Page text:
Thursday, March 9, 2017

How Do You Avoid Burnout?

I was reading a post today in a Facebook author group I belong to and someone asked the seemingly simple question, "How do you avoid burn out?"

Based on the answers, it's not a simple question at all. Almost everyone felt pressure to write more/faster/better. I read the comments nodding the whole time. I write and read romance and some of my favorite authors release books every three months! One author friend released six books last year! I *plan* to release two books per year, but the truth is, in 2016 I only released a single novel, and honestly, I panicked about it. I even thought of condensing book two into a novella so I could release around Christmas time, but I couldn't shave that much off the story and still do it justice. So I'm releasing it as a full-length novel in April instead -- eight months after the first book in the series came out. It feels like an eternity!

And in order to minimize this gap in 2017, I've started writing the next book in the series and I'm putting in serious time getting in the words. While doing promotional stuff, planning, and drumming up interest in my upcoming release. At the end of the day, I'm spending a solid 10 hours/day on my author business AT LEAST.

I'm lucky that I don't have a "day job" anymore to juggle, too. I recognize and appreciate that I CAN spend this time and it is a gift most days. But it also means I see the possibility of burn out, even before the question is asked.

To combat this, I try to walk the dogs in the hills most days. I have a good friend who has a dog and we walk together at least a few times per week, but even if she's not available, I try to make myself go because otherwise the puppy drives me insane. I run first thing in the morning three days/week with another friend, which is on my to-do list anyway and has zero to do with writing. And lately, I've been blasting the daily playlist on Spotify as I cook dinner -- and I do mean blasting. There's something cathartic about loud music that clears my head, even if the occasional Justin Bieber slips through (Apologies to all the Beliebers out there. No offense intended :) ) 

I'm not sure any of them are a magic bullet, but each of them take me out of my head and, most importantly, get me off my butt away from the computer. I often come back with at least one new thought, which is definitely one more than I had sitting there staring.

So what about you? Do you feel burn out as a writer? If so, what do you do to combat it? Are there certain tasks that make you feel more burnt out than others? Inquiring minds want to know!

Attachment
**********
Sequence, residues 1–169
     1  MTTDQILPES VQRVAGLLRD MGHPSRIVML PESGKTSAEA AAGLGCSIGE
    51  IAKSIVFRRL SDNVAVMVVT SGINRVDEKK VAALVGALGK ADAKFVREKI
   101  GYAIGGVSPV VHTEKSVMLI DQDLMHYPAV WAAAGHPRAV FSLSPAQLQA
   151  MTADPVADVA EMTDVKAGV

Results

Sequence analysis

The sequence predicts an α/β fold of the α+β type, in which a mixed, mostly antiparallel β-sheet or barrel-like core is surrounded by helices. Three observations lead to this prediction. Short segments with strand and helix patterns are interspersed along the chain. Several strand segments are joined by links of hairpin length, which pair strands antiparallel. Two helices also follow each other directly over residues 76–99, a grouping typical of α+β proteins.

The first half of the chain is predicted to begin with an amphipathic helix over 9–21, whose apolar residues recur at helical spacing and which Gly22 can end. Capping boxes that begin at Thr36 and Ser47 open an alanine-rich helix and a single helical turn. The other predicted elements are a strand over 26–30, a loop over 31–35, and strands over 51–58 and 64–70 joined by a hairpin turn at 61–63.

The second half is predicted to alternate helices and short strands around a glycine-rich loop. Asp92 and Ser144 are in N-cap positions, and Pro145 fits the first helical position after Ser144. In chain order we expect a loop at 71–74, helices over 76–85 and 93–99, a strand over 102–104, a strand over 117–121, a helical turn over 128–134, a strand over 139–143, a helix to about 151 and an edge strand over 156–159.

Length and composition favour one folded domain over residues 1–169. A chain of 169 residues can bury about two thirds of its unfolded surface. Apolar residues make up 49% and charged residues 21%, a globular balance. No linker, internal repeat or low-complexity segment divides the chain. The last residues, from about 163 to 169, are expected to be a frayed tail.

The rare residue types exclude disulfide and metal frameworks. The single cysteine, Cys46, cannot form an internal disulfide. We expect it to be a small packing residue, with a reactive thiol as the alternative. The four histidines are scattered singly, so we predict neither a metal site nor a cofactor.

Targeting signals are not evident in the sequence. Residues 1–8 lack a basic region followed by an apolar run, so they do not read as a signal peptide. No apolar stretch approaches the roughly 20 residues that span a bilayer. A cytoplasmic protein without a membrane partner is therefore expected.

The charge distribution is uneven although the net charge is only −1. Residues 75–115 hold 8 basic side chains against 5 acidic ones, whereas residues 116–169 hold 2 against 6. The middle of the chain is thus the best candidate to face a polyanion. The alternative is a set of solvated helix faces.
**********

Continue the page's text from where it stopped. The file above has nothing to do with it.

7 comments:

  1. I've been burned out for awhile. I have no idea how to fix this other than to power through it.

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    1. I often feel burned out writing a first draft, but the feeling dissipates for me once I've got words on the page because at least I've got something to work with, even if it's crap. I'm trying to get better about allowing myself to write a terrible first draft and not even read through the prior day's work just to get through it, and it helps b/c I don't get mired in exactly how awful it is.

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  2. My two-year-old burns me out more and more everyday... But a parents gotta do what a parents gotta do. I have visions of a long retirement where all I have time to do is write all the time. Great post!

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    1. Parenting is HARD. And parenting toddlers should come with an IV drip of coffee and wine. I didn't really start writing until my kid was in school full time, so I'd say any words you're getting in are a win!

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  3. Thanks for the great post, Brenda! I wouldn't say I've exactly hit burn-out, but I do know what you mean about the pressure to get more out. I love that readers are asking when my next book is coming out, but that does make me feel like I'm letting them down by not getting my next one out quicker. I didn't publish anything in 2016... I'm trying to not let that bother me. This next book just requires extra time. I do agree with you on the music -- it can be magic for letting go of stress!

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    1. I've talked here before about the pressure to produce and it's real, especially in the self pub world. But at the end of the day I try to remind myself that I work for myself and that pressure is self-imposed. It doesn't always work, mind you, but it does help!

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  4. When I have a story to tell I am on fire, the writing flows, and I accomplish a lot in a short amount of time, but most often that is not the case. I'm tired from my day job, daily expectations, family obligations, and so forth, by the time I sit down to write I'm exhausted and I find myself glaring at the computer. I love ideas on how to to get the juices flowing again. Getting out of my head for a while is always the best advice.

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